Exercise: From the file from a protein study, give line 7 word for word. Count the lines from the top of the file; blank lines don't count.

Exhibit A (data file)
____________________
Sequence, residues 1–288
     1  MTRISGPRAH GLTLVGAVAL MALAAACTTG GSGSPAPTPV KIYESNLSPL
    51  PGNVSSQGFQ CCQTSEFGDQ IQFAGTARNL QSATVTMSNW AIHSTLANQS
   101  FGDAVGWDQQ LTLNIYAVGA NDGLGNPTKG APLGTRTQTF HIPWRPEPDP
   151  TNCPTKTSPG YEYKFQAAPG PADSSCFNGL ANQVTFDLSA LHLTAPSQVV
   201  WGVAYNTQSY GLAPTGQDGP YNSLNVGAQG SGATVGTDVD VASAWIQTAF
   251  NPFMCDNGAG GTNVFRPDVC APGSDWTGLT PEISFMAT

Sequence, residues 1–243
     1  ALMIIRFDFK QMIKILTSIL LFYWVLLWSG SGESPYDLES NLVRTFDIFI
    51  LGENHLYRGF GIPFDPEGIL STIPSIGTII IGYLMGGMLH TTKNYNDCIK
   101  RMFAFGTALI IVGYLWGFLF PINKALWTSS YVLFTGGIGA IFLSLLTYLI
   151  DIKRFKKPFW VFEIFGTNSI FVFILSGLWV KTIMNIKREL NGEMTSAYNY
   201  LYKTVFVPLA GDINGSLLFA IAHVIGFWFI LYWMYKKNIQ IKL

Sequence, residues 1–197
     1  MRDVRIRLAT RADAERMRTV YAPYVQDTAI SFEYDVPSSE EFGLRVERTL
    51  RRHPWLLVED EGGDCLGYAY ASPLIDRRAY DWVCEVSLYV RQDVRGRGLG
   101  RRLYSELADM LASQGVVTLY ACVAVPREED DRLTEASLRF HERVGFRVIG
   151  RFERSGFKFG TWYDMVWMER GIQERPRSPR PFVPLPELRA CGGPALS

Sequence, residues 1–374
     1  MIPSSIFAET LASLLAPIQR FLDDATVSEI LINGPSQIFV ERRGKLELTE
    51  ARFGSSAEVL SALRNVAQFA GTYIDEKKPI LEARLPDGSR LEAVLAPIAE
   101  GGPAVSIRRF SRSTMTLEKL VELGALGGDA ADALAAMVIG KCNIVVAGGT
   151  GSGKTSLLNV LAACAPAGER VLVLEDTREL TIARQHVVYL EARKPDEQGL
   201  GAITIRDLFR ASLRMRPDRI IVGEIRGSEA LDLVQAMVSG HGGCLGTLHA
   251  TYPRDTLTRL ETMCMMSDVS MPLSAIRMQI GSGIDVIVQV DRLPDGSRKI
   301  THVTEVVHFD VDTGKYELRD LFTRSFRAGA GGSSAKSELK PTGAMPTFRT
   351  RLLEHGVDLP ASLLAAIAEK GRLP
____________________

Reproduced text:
   251  NPFMCDNGAG GTNVFRPDVC APGSDWTGLT PEISFMAT